The July corn futures price closed over the past week at the low end of the price range, between $3.60-$3.80, which it has fluctuated within since early March. According to a University of Illinois agricultural economist, lower corn prices appear to reflect mixed expectations regarding demand factors and the potential for large supplies coming out of South America. In the near term, corn prices look to remain range bound as old-crop inventories move into the market. Looking forward to the new-crop season, the potential for strengthening corn prices is present due to the possibility of a decline in stocks associated with lower corn acreage in 2017.
“Ethanol and export markets currently support demand for corn,” says Todd Hubbs. “Ethanol production recently ended a long run of producing more than a million barrels per day. The current USDA projection of 5.45 billion bushels of corn used for ethanol production appears attainable with corn used for ethanol sitting at approximately 3.46 billion bushels as of April 14. Ethanol exports continue at a robust pace and look to provide more support for corn use in ethanol.”
Corn exports continue to show a steady pace. As of April 13, corn inspected for export came in at 1.41 billion bushels and is at 63.5 percent of the USDA projection of 2.25 billion bushels for the 2016-17 marketing year. Hubbs says the large corn crop in South America provides caution on export numbers.
“Currently, the USDA projects corn production in Brazil and Argentina at 3.68 and 1.52 billion bushels respectively,” Hubbs says. “Approximately 28.5 million acres of Brazilian corn production is in the second crop, which constitutes 68 percent of planted corn in Brazil. Current weather indicates favorable conditions and high yield potential. The influence of this large second crop on corn exports looks to arrive in the summer as harvest and shipping commence. Domestic corn exports should maintain a steady pace into the summer months but could lead to lower projected corn exports during the 2017-18 marketing year. In contrast, domestic feed demand for corn, while still strong, is not performing to initial USDA projections for the marketing year.”
Feed and residual use for corn during the first half of the marketing year is 3.8 billion bushels, which is a 5 percent increase over last year’s feed and residual use pace. Despite this increase, the USDA lowered the feed and residual use projection by 50 million bushels to 5.5 billion bushels for the marketing year in the May World Agricultural Supply report. Large supplies of distillers grains and other feed grains reduced the corn used for feed.
“As the 2016-17 marketing year continues, the uncertainty surrounding the final amount of feed and residual use for corn will continue,” Hubbs says. “The recent appearance of vomitoxin in 2016 corn across many states will not help corn and distillers grains feeding in the near term and adds another level of uncertainty.”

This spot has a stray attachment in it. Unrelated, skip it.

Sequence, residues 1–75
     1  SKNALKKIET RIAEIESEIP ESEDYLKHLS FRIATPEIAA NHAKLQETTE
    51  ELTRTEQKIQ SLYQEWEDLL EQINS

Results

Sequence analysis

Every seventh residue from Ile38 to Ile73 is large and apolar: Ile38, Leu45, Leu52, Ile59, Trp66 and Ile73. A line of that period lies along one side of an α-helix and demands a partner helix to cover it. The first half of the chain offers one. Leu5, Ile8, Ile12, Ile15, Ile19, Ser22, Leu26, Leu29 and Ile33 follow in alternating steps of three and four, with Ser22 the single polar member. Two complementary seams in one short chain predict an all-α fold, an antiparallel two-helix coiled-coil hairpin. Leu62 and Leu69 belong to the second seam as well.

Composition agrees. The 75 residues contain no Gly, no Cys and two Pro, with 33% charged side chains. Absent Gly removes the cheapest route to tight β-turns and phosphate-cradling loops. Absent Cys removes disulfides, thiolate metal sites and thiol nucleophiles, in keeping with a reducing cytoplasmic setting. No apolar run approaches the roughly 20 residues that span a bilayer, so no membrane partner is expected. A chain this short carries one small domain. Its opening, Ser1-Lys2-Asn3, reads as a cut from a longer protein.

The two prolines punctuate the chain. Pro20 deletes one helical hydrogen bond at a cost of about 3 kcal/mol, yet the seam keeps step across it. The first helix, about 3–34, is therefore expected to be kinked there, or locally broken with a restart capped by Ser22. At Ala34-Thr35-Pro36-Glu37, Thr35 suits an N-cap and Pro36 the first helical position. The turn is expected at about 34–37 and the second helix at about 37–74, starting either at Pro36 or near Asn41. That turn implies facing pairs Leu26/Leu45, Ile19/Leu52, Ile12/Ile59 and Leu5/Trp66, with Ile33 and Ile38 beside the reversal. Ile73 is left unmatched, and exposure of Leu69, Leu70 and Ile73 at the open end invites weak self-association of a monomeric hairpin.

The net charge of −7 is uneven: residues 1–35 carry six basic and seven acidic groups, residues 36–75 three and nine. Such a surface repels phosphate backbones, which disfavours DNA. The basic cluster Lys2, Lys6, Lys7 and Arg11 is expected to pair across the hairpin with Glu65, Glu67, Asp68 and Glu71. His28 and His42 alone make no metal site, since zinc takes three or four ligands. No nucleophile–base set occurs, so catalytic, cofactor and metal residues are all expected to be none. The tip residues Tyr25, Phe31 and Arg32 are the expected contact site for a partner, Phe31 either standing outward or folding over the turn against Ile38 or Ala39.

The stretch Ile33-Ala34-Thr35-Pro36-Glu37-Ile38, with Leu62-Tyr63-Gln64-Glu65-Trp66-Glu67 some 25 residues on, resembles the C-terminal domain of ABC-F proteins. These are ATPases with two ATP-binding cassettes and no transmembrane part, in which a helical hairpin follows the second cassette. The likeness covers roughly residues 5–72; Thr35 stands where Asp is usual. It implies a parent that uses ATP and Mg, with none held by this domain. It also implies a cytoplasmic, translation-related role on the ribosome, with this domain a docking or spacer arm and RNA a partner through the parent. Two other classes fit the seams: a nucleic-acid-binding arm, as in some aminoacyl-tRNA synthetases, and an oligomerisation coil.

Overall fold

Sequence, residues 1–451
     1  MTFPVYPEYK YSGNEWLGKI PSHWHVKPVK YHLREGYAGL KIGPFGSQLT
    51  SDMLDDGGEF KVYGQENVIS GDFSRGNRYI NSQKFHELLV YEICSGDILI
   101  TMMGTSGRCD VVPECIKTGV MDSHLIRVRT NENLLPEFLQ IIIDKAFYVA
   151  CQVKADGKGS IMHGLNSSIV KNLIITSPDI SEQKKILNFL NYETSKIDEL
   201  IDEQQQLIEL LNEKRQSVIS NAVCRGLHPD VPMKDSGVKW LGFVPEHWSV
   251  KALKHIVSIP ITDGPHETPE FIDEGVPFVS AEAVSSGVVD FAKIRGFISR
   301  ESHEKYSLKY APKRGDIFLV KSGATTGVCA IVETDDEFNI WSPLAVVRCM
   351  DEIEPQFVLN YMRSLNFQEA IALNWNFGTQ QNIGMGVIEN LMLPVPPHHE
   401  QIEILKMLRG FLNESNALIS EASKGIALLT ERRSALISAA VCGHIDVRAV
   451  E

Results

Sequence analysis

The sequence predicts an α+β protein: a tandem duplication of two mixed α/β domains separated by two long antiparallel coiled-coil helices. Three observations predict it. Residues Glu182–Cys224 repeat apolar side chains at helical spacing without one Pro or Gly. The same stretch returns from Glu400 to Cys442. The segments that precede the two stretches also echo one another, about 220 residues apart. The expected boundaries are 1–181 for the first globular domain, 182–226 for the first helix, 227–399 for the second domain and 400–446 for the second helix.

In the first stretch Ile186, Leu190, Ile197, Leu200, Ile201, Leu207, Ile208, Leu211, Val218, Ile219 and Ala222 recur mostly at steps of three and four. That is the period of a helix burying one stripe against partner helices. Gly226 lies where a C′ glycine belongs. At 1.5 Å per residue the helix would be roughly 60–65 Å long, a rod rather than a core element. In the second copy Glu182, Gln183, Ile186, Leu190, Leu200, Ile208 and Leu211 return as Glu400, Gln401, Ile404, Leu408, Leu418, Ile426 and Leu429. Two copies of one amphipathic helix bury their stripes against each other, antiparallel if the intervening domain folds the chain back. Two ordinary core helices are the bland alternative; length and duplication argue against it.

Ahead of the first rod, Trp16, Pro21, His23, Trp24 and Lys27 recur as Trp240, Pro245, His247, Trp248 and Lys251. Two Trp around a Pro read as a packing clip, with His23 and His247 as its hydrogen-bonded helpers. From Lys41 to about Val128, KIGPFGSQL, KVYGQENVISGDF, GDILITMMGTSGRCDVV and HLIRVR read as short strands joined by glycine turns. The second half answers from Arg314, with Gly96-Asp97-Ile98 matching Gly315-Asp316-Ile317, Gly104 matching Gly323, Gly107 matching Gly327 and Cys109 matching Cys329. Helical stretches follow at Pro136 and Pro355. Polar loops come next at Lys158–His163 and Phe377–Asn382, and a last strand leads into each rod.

Currently, the USDA projects feed and residual use during the last half of the marketing year is at 1.70 billion bushels, which would account for 31 percent of the marketing-year total. Last year, feed and residual use totaled 1.506 billion bushels, accounting for 29 percent of the marketing-year total. Because the residual component of feed and residual use can be large, total marketing-year use will not be known until the release of the Sept. 1 Grain Stocks report.
“When examining the current factors as a whole, the prospect of corn prices making a significant movement in either direction appears to depend on new-crop yield potential and looks to remain within the range in the near term,” Hubbs says.
According to Hubbs, the prospects for corn prices in the next marketing year is supply driven at this point. The supply of corn for the 2017-18 marketing year will consist of carryover supplies of old-crop corn and the 2017 harvest. The USDA currently projects the carryover of old-crop corn at 2.32 billion bushels. “Given the uncertainty surrounding feed and residual use, the prospect of a larger 2016-17 ending stocks number is a distinct possibility. The potential size of the 2017 harvest will develop over the next several months.”
The USDA’s March 31 Prospective Plantings report indicated intentions to plant 89.996 million acres of corn this year, 4.01 million fewer acres than planted last year. An estimate of actual planted acres arrives with USDA’s June 30 Acreage report.
The short-term focus will be on yield prospects for the 2017 corn crop. For now, Hubbs says, the discussion focuses on the rate of planting progress and yield potential. “Normally, the larger percentage of the crop that is planted in a timely manner leads to higher U.S. average yield potential. However, summer weather will determine the magnitude of yield. Unless an unusually large or small percentage of the crop is planted late this year, yield expectations should continue to focus on trend value in the range of 168 to 171 bushels per acre. The USDA will report an expected yield in the May 10 WASDE report.
“Uncertainty about the size of the 2017 corn crop will continue for the next few months,” Hubbs says. “Similarly, the strength of corn demand and the influence of the large South American crop on exports will be revealed over time. As we continue into the marketing year, monitoring the weekly pace of exports and ethanol production will provide timely indications of demand changes. The USDA’s estimate of June 1 stocks that gives a signal of third-quarter feed and residual use will also be an important indicator of demand strength.”
Source: University of Illinois